As Peony picked up the other frames, she realized that they all had similar photos hidden beneath the fake ones. There was one with Iris holding a baby, his curly hair peeking out from beneath a bonnet. Iris and Isaac, 1951.

    She found prom pictures and wedding pictures. Then Peony came across one that she wished she hadn’t. It was a picture of Gram and Iris. They were dancing. He was wearing the jacket Iris had pulled out earlier. Beneath it, the caption read, “Gram Smith 1922-1952,” but someone had put a line through the 52 and replaced it with 42 PTSD. Why did the photo’s caption give him two separate years of death? Peony wondered. She peeled back another layer of photo paper, revealing a picture of Iris and Isaac, “Isaac 1951-1970 KIA.”

    Peony gently put the pictures back in their frames, displaying the counterfeit images and went to find Iris. She was still asleep, but Peony sat down with her anyway, taking care not to wake her.

    She leaned down and kissed her on the head, just like Gram had tried to do in the first picture Peony had found. “Hi,” she whispered into Iris’ loose and saggy ear. “I don’t know how much you remember, or how well you can communicate what you do, I don’t even know if you’ll remember me when you wake up or if you can hear me now.” She brushed a fallen lock of hair off of Iris’ forehead. “But this is what I do know,” Peony looked down at Iris, still fast asleep. “I know I have OCD. I know my mother is suffering from denial and I know my father is never coming back” Peony paused, wiping a tear away from her face before it could drop onto Iris. “And there’s something else too.” Looking down at Iris, Peony tried to believe she could somehow get better, somehow come back, but she couldn’t picture it and she didn’t know why she’d want to. She could only see shapes and shadows, cheap imitations of the Iris she could have loved, if given the chance. “I won’t let you fade into in blots.”

    She brought the war jacket up to Iris’s head from where she’d been holding it against her sunken chest. It smelled like leather and mothballs. Peony placed a delicate kiss on the top of Iris’s head. She smoothed her wiry hair out of her face. “I will cry for you.” And with that, Peony pushed the jacket against Iris’s face and kept her in a strong embraced. She didn’t fight back, but Peony could tell when she finally faded away. “Can you see them?” She said with tears in her eyes as the air conditioner switched on, blowing the curtain back just enough to let some sunlight in, before it fell back and returned everything to black.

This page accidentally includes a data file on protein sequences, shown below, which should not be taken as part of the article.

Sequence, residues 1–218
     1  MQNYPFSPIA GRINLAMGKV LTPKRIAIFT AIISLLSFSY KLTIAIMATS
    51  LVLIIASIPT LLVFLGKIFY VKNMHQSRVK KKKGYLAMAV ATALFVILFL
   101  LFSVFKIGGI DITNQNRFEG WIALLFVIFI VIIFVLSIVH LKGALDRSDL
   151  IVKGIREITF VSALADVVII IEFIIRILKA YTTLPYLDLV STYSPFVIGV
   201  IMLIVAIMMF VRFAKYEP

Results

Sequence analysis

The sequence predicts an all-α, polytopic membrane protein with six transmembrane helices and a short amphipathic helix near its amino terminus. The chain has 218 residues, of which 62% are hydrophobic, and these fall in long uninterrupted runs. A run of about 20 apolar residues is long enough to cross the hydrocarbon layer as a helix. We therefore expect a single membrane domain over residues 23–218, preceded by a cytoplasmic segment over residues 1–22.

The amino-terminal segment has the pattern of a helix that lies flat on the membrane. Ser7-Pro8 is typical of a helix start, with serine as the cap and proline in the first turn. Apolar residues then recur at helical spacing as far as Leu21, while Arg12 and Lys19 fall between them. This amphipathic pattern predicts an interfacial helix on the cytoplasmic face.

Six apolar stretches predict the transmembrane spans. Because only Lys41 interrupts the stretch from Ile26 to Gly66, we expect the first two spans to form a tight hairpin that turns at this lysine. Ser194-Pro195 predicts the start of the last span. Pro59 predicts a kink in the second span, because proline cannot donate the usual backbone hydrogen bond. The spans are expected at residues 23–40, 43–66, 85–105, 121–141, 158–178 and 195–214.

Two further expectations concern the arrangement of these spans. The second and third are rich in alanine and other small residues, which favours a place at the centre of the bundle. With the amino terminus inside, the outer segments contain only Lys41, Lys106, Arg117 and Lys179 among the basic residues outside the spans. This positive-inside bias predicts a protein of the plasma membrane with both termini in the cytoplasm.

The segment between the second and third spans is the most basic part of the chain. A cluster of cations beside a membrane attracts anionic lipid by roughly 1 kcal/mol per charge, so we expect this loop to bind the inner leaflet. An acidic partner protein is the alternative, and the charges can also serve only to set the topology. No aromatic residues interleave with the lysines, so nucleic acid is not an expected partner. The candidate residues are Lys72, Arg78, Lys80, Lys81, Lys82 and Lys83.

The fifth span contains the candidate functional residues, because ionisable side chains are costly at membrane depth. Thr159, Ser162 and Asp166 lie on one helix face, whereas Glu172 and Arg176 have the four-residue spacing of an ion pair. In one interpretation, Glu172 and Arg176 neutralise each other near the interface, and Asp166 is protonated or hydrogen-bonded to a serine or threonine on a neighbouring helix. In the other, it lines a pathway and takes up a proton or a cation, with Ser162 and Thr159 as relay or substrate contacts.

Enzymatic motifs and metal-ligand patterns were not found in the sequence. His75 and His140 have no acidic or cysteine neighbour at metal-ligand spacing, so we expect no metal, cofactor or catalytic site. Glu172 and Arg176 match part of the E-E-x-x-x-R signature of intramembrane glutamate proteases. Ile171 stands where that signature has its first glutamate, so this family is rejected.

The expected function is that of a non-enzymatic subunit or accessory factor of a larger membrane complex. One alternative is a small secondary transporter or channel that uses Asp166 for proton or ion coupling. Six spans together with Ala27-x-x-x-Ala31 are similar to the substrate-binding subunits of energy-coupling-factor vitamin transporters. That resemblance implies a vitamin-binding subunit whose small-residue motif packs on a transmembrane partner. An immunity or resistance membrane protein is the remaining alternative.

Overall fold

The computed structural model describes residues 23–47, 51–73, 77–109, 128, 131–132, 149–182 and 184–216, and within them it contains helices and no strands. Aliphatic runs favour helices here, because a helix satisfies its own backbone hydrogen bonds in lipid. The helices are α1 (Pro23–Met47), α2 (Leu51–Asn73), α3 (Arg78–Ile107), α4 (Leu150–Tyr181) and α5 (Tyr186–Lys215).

About The Author

    Millie Chapman

    Millie Chapman

    graduated from Eckerd College in 2012.  Currently, a resident of New York, NY, Ms. Chapman has been writing ever since her mother refused to continue staging the dramatic scenarios that Millie concocted for her Barbie dolls.  Fast forward 20 years, Millie has had poetry, short stories, one-act plays and articles published in magazines and literary journals such as The Eckerd Review (2011,2012,) where she served as an editorial Board member, Fir Acres Writing (2007) at Lewis and Clark College and Women’s Running magazine (May/June 2012) in St. Petersburg, Florida where she worked as an Editorial Intern.  Ms. Chapman also served as intern at Jill Grinberg Literary Management in Brooklyn, NY during the summer 2011.  She is currently an Editorial Assistant at Pearson Education.  Learn more about Millie in publisher, bill berry’s interview, “Conversation with Millie Chapman.”  http://aaduna.org/summer2014/conversations/millie-chapman/